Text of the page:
Call#: Van Pelt Library PN1998.3.C87 R63 1993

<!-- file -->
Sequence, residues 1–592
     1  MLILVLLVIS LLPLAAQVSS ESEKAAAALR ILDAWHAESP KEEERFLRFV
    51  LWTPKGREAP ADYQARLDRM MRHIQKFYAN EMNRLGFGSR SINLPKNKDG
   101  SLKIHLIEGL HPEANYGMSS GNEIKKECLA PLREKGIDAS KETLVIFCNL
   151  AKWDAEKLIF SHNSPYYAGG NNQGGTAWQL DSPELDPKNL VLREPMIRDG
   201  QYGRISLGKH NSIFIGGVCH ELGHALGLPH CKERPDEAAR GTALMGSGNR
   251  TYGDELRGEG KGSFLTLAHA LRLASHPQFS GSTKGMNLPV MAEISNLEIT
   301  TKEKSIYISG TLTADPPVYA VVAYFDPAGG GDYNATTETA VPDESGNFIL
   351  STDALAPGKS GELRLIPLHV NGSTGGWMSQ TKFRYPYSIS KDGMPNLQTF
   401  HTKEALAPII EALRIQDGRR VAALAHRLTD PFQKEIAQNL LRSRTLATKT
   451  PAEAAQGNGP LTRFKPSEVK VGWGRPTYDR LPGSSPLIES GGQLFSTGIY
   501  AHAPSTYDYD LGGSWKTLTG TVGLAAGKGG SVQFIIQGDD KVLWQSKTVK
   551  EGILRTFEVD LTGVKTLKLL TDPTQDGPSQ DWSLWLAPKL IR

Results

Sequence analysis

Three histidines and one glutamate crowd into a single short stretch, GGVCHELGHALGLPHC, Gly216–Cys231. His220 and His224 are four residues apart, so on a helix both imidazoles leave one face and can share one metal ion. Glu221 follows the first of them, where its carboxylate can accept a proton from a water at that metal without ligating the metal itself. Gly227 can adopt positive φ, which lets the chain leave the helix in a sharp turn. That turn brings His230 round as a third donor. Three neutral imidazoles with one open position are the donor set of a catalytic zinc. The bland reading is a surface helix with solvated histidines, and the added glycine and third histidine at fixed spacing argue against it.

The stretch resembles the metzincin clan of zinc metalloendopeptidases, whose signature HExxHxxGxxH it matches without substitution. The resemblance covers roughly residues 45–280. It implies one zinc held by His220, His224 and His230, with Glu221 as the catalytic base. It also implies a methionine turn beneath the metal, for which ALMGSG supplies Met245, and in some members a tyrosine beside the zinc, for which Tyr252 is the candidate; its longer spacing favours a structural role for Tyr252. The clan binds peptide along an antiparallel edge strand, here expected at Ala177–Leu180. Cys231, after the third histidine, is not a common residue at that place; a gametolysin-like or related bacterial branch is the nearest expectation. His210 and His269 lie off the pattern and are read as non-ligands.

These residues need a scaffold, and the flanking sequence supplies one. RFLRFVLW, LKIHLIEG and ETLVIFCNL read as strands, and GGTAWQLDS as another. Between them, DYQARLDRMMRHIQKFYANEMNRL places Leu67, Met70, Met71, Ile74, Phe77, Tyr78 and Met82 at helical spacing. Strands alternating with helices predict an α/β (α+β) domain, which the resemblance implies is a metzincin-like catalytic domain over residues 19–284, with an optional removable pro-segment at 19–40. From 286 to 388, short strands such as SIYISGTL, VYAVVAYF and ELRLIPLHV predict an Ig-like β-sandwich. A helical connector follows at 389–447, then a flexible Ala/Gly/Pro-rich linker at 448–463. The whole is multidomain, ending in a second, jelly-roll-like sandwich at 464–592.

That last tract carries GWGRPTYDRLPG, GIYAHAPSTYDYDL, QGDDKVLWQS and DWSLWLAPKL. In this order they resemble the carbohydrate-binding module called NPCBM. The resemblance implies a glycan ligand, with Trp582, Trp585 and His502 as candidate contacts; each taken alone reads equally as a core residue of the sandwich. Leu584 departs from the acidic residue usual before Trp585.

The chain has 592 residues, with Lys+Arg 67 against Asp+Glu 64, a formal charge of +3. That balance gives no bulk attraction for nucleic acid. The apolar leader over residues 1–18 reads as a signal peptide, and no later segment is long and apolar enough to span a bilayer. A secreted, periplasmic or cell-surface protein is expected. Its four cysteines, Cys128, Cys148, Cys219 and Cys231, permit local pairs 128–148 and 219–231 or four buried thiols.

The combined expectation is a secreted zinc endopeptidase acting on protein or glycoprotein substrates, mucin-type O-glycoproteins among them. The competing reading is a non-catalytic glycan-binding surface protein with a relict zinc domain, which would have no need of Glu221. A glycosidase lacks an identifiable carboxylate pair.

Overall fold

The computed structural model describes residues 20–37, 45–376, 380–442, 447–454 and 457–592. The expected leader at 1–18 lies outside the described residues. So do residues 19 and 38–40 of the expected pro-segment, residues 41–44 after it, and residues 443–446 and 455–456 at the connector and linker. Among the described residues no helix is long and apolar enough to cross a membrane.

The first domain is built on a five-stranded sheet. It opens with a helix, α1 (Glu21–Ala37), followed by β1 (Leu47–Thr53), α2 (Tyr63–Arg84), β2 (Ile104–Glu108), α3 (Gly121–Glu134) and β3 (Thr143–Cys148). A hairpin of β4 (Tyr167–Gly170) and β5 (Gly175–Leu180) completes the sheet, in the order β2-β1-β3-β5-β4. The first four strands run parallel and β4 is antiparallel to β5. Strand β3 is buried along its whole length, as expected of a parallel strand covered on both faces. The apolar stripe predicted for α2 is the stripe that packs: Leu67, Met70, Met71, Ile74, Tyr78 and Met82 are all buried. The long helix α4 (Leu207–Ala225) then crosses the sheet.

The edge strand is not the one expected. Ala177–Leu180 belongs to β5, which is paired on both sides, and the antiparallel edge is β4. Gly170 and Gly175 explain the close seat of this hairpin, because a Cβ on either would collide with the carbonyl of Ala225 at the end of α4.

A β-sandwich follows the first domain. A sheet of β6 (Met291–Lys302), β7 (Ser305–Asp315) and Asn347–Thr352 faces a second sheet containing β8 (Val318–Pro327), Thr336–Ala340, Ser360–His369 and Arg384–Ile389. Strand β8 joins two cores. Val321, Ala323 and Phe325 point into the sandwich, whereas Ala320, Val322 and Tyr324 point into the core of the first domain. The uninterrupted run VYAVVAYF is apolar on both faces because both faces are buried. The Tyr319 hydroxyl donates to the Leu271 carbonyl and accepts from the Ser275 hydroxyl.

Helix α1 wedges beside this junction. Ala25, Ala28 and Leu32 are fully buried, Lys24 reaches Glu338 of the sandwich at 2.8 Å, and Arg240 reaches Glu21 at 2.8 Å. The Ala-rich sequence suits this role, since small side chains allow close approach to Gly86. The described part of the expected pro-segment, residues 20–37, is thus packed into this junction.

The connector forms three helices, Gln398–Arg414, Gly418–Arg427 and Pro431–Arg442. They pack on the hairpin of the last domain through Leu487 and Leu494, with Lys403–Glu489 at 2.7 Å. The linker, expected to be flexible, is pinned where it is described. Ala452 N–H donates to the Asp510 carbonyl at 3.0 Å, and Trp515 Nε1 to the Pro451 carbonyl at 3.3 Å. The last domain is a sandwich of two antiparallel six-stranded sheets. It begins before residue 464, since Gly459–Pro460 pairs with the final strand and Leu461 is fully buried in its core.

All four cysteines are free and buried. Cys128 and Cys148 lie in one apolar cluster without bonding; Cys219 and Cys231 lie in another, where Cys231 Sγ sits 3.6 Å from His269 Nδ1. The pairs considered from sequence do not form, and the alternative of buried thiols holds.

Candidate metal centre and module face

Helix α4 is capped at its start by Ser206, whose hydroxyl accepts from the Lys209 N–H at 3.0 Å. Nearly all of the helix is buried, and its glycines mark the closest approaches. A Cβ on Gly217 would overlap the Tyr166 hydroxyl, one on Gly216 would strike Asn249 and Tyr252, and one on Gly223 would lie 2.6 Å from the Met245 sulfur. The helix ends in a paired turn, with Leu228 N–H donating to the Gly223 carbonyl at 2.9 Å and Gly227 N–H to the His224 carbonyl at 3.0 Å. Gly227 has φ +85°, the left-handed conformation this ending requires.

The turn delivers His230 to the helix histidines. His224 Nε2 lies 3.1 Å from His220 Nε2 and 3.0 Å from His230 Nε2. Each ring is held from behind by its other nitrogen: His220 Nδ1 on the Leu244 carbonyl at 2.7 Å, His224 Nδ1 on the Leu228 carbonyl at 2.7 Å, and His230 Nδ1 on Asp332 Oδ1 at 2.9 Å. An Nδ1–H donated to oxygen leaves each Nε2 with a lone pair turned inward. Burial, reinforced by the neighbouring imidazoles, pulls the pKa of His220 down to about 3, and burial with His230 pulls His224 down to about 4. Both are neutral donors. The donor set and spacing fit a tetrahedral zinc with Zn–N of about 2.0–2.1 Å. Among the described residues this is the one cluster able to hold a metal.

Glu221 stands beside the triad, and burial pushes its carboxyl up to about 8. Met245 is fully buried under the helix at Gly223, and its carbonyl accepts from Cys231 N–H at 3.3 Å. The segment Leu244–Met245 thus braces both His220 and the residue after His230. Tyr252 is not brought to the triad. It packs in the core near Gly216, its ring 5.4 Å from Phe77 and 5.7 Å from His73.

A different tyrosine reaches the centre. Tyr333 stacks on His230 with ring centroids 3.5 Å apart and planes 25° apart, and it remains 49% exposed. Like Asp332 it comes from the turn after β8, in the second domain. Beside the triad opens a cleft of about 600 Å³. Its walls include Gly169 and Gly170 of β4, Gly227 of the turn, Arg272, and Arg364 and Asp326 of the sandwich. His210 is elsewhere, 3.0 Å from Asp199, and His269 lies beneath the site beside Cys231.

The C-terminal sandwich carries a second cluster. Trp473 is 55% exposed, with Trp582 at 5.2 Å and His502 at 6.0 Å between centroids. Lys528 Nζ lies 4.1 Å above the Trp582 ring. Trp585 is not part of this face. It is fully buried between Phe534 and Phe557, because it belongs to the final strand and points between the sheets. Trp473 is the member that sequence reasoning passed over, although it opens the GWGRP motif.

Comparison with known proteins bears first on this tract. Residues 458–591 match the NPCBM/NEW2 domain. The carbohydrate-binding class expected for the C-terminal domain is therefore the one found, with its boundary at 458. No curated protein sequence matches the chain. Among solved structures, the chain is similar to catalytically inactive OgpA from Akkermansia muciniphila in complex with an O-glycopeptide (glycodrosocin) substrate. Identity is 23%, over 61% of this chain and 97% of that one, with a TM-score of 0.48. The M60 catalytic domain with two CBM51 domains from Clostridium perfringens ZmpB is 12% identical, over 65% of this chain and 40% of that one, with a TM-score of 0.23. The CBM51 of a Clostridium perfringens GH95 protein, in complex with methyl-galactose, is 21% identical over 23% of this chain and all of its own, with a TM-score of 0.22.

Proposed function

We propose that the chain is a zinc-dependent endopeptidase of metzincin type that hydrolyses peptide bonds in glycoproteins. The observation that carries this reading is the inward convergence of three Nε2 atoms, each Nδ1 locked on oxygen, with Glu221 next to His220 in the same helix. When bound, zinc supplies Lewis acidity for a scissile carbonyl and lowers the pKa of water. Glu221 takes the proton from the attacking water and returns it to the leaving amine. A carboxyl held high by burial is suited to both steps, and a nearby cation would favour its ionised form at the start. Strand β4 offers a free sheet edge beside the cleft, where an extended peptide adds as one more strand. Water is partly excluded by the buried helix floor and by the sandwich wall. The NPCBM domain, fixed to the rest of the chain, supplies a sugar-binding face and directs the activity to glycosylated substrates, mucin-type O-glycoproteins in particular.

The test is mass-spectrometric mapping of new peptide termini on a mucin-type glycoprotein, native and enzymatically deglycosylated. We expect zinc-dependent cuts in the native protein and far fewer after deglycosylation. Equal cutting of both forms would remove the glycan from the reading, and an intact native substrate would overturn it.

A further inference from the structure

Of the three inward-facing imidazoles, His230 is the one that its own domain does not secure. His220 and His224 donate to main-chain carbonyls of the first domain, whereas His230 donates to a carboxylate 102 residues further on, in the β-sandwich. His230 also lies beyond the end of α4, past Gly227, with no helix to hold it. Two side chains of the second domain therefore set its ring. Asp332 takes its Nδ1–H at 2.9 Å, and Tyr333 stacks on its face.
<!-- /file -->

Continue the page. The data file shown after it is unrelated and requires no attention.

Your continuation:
This book distinguishes itself by giving a through biography of Casablanca’s often forgotten director, Michael Curtiz. Usually considered to be nothing more than a studio workhorse, Curtiz and his work have often been ignored as merely the cookie cutter products of the enormous studio factories. In the Casablanca Man, Robertson tries to rebuff this image of Curtiz and investigate the unique elements of Curtiz’s work. During this investigation, Robertson outlines Curtiz’s life-story and the influence that it had on his films. Robertson also attempts to discover the man behind Curtiz’s films by researching the director’s view of film auteurism. In 1917, Curtiz stated that the director’s place in a film could be described as a kind of supreme behind the scenes coordinator. Throughout his life, Curtiz favored a hidden approach regarding the influence he had on his own films. Unfortunately, this method has led critics and viewers alike to forget his existence or see his many successful films as merely happy studio systems accidents. This book is highly relevant to the analysis of Casablanca because it reminds its audience to not forget the work of a director who seems to have put a great deal of effort into being forgotten. Curtiz’s influence on Casablanca is significant and (as this book reminds us) should not be forgotten.